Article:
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In a first-of-its-kind study, RIPIRG compiled nation-wide evidence on transportation apps and vehicle sharing programs, and found that these advanced new tools have made it easier for Americans to drive less. Real-time apps and on-board wi-fi for public transit, as well as carsharing, bikesharing and ridesharing have spread rapidly in recent years. The report examines new evidence on how these practices are changing travel behavior.
“Personal auto ownership used to be the clear ticket to mobility” said Phineas Baxandall at RIPIRG EDUCATION FUND, which released the report. “For Baby Boomers, driving your car represented freedom and spontaneity. But today–especially for younger people–owning a car increasingly represents big expenses and parking hassles. Technology and vehicle-sharing services have started to make it easier not to own a car or for households to own fewer. Public transit systems, especially with on-board wi-fi and real-time apps, can be the backbone of this new mobility.”
The report, “A New Way to Go: The Apps, Maps, and New Technologies that are Giving More Americans Freedom to Drive Less” sheds additional light on how Americans have been driving less per-person for eight years in a row and total miles remain below 2005 levels (Federal highway data).
Among the findings cited in the report:
• Public transit enhancements—A majority of U.S. transit systems make scheduling publicly available for developers to produce smartphone apps to help riders navigate systems. Smartphone-based tools enable riders to find the best route and track the progress of trains and buses in real time.
• Bikesharing – More than 30 cities now have programs where subscribers can access bikes by the minute or by subscription at kiosks located on city streets. Approximately 40 percent of bikeshare members report reducing their driving, according to a survey of members of four bikeshare services.
• Carsharing– Roundtrip carsharing services, such as Zipcar as well as newer one-way services such as car2go enable subscribers to access cars located in their neighborhoods, providing the mobility benefits of access to a car without having to bear the burden of owning one. As of 2012, more than 800,000 Americans were members of carsharing services. Each carsharing vehicle replaces nine to 13 privately-owned vehicles. The average carsharing participant reduces his or her driving by 27 to 56 percent while increasing ridership on transit and biking.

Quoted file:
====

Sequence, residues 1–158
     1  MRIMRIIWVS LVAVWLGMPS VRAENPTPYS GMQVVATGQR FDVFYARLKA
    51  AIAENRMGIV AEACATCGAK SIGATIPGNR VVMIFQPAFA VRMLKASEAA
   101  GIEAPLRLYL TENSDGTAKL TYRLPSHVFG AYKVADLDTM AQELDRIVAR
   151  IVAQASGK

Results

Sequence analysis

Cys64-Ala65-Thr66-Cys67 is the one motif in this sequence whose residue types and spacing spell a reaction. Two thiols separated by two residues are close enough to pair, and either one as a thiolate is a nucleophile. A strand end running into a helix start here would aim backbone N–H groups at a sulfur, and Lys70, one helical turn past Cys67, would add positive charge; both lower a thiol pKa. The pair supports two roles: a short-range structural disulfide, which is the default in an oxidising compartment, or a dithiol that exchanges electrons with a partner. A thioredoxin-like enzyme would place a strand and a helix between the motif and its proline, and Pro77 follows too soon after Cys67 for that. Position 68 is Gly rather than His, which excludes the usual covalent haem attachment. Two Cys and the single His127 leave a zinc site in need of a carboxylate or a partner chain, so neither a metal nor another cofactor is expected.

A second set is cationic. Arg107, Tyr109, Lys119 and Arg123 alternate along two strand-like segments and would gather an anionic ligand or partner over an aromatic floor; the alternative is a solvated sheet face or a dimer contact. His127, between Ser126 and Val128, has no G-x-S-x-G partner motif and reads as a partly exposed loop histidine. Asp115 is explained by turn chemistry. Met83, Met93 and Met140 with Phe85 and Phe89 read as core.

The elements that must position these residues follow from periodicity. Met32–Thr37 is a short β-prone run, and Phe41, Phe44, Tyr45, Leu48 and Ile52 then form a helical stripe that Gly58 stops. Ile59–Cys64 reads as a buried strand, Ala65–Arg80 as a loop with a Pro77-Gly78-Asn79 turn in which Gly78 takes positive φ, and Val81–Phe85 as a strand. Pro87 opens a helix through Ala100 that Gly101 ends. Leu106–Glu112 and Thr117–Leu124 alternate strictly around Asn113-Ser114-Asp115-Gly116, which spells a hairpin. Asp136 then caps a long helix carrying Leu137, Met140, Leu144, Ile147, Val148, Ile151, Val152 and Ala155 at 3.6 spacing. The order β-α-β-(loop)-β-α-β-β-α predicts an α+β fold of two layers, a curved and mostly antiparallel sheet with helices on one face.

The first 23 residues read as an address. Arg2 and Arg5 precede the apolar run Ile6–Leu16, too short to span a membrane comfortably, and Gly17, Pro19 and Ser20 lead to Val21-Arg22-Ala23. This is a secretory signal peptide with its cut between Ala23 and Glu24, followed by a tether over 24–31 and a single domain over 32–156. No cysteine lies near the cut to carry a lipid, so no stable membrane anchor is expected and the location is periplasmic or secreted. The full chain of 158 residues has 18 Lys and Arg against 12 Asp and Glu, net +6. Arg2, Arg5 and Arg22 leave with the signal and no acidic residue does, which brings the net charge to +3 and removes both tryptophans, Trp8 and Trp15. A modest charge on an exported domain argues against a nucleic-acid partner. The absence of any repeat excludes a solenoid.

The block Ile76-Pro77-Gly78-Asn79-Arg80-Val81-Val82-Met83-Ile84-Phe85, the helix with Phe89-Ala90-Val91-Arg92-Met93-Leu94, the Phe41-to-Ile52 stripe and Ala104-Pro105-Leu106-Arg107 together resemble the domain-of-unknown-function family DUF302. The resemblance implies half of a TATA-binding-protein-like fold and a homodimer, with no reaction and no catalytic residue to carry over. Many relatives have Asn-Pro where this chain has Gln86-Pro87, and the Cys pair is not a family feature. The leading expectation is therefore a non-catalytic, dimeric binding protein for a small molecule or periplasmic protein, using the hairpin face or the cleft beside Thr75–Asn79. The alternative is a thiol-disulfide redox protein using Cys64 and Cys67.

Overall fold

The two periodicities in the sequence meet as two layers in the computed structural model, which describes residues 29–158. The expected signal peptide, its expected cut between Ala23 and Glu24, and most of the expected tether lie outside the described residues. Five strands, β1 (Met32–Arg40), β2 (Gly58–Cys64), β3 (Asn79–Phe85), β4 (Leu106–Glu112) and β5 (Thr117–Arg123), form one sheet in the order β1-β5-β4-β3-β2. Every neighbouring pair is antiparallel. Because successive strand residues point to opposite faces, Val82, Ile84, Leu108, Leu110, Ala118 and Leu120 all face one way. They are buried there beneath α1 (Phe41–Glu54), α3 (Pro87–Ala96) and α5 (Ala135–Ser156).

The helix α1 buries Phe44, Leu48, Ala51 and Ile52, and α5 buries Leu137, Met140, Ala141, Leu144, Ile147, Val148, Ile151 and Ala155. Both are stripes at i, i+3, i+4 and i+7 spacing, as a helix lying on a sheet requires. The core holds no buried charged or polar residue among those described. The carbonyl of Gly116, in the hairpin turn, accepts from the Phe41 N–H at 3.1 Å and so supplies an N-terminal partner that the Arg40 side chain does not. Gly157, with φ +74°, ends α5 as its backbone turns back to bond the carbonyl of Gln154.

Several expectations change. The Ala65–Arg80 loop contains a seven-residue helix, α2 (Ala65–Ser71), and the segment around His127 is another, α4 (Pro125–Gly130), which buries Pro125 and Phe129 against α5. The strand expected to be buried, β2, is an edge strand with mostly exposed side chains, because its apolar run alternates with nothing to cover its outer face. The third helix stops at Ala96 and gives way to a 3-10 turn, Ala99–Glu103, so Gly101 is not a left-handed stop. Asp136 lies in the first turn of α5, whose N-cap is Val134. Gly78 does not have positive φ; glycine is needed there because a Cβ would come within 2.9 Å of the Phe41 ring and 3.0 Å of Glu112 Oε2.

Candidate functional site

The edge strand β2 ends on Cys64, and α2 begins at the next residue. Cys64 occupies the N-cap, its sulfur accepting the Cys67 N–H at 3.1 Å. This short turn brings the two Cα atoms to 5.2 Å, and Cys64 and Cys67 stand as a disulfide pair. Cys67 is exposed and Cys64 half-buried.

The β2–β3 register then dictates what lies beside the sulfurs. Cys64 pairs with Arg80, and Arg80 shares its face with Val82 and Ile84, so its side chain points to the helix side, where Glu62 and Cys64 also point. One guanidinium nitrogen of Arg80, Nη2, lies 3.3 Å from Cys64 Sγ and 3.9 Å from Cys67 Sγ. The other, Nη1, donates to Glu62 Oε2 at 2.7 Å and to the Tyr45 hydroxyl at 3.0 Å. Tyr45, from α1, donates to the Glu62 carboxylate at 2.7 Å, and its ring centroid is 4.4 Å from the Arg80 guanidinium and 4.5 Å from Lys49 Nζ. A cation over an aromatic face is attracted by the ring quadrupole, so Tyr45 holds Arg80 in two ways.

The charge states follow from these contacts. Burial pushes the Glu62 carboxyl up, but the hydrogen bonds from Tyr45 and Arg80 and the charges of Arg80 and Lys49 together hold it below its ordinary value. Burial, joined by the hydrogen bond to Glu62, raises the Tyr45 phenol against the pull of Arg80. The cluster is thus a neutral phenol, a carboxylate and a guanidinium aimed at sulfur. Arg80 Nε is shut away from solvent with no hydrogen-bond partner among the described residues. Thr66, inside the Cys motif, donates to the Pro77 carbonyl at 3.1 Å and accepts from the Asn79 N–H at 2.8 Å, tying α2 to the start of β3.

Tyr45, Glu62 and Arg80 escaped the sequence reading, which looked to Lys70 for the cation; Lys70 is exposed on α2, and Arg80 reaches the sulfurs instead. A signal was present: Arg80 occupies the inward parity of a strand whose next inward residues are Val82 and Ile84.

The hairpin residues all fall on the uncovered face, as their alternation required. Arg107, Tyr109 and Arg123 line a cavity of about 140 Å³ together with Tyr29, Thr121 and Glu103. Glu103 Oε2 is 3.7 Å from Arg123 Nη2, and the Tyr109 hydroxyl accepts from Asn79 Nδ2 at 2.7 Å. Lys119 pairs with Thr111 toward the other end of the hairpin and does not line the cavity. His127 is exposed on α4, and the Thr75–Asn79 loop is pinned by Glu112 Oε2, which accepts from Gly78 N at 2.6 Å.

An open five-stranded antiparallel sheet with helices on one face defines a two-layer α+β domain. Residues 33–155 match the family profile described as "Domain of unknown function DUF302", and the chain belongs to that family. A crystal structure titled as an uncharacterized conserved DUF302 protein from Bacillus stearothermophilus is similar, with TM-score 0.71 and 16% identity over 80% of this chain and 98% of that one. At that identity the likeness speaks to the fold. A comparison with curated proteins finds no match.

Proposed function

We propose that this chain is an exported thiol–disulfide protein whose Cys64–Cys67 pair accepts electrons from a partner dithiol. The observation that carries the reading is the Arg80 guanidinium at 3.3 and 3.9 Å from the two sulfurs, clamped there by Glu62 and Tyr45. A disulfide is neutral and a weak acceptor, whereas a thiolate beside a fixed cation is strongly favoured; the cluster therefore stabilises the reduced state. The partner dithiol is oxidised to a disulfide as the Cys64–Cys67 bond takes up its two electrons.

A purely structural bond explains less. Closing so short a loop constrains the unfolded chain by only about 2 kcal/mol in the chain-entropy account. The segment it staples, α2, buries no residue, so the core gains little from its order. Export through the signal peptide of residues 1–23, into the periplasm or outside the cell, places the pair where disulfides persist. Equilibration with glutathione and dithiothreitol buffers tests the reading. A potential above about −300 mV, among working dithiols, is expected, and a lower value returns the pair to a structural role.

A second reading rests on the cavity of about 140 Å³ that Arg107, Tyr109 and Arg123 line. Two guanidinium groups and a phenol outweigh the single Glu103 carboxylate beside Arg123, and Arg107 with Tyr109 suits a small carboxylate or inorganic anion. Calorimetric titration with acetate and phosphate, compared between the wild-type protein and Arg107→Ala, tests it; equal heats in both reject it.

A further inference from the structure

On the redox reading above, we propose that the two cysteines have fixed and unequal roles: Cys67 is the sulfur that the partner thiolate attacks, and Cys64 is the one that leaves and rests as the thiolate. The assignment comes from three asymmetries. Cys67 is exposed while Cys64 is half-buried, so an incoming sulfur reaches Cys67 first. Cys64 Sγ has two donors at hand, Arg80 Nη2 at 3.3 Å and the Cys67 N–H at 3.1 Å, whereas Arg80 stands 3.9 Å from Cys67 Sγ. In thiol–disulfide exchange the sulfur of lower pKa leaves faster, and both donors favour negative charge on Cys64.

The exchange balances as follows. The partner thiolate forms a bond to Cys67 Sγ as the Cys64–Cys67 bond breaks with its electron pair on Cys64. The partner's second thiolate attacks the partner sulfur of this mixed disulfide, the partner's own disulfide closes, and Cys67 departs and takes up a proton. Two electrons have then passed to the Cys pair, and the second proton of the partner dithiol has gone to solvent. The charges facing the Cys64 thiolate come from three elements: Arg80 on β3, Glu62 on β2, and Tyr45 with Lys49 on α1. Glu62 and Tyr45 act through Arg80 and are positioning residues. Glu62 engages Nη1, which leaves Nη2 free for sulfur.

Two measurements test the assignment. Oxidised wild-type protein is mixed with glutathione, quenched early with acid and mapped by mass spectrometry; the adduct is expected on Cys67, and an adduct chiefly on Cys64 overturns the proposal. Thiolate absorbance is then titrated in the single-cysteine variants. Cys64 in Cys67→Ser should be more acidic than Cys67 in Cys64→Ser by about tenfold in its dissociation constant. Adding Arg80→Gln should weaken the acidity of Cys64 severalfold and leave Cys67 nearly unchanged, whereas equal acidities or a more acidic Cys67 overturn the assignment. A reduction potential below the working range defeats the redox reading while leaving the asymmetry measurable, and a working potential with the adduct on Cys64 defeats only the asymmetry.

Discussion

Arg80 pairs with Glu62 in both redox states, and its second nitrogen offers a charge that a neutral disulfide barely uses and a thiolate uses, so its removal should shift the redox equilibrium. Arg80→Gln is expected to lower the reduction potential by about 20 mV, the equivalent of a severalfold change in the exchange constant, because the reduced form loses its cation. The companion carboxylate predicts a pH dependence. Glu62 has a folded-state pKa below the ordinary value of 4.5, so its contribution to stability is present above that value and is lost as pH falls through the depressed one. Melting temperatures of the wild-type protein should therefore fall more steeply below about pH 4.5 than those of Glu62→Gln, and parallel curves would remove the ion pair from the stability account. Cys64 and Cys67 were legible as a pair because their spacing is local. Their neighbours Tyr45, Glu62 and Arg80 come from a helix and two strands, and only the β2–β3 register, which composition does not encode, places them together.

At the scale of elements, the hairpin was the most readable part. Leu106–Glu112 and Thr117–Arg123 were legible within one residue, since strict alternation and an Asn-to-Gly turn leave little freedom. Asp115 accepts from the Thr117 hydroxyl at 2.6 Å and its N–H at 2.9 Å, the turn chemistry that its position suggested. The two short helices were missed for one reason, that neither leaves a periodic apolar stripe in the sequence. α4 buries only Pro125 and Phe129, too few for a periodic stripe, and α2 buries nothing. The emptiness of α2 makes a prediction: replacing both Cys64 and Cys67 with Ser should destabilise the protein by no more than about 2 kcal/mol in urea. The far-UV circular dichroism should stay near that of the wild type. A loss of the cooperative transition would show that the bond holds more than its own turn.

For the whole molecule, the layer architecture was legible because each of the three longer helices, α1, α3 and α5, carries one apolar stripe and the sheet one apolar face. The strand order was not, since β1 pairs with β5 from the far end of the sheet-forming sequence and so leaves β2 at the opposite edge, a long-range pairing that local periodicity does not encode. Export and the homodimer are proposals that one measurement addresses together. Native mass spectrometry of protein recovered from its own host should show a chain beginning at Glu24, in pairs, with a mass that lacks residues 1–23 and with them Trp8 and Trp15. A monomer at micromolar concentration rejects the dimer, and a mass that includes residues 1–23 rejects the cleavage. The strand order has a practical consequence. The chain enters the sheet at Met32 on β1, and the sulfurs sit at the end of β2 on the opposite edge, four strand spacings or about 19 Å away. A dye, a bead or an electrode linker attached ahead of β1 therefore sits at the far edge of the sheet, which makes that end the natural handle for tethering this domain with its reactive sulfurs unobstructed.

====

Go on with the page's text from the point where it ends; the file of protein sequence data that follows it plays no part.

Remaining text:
• Ridesharing and taxi-like services—New peer-to-peer carsharing networks enable individuals to rent out their own unused vehicles to people looking for a car. Drivers with open seats in their cars can pair with other individuals who need a ride. Companies such as Lyft allow ordinary drivers to provide web-based taxi-like services during their spare time.
• Young Americans have consistently been the first to adopt and test these new technologies and practices. As of September 2012, young adults were six times more likely to have a smartphone than their grandparents’ generation, and twice as likely as Americans 50 to 64 years of age.
Findings from a separate report released today by the American Public Transit Association (APTA) reinforce those from RIPIRG. APTA’s study, called “Millennials & Mobility” revealed that 70 percent of adults under 35 use multiple alternatives instead of the car several times or more per week. Millennials view public transit as the superior mode for digital multitasking, and a majority view transit-based wi-fi and mobile broadband as well as real-time information about bus and train locations as important.
“In the past, people often felt little choice but to depend on personal cars. Once you’ve already paid for a car and insurance, then it’s harder to consider other choices,” said Mr. Baxandall. “The new tools make it easier not to own a car or own fewer cars. New apps make it easy to catch a bus and ride unfamiliar routes. Bikeshare or rideshare can be the perfect complement when public transit doesn’t reach nearby your destination, when weather changes, or unexpected errands arise.”
The report provides policy makers with a number of recommendations such as to install more wi-fi on public transit and to integrate bike and car sharing into traffic management plans and near transit stations. Highway expansion projects should be reconsidered and canceled if no longer justified.
“These technological tools and practices are still in their infancy but spreading fast. Government leaders should focus less on expanding highway capacity and more on public transit, biking, walking and other alternatives to personal cars,“ said Mr. Baxandall,
See other recent reports on state-by-state declines in driving, the Millennial generation’s leading role in this trend, and the policy implications at: http://uspirg.org/topics/transportation
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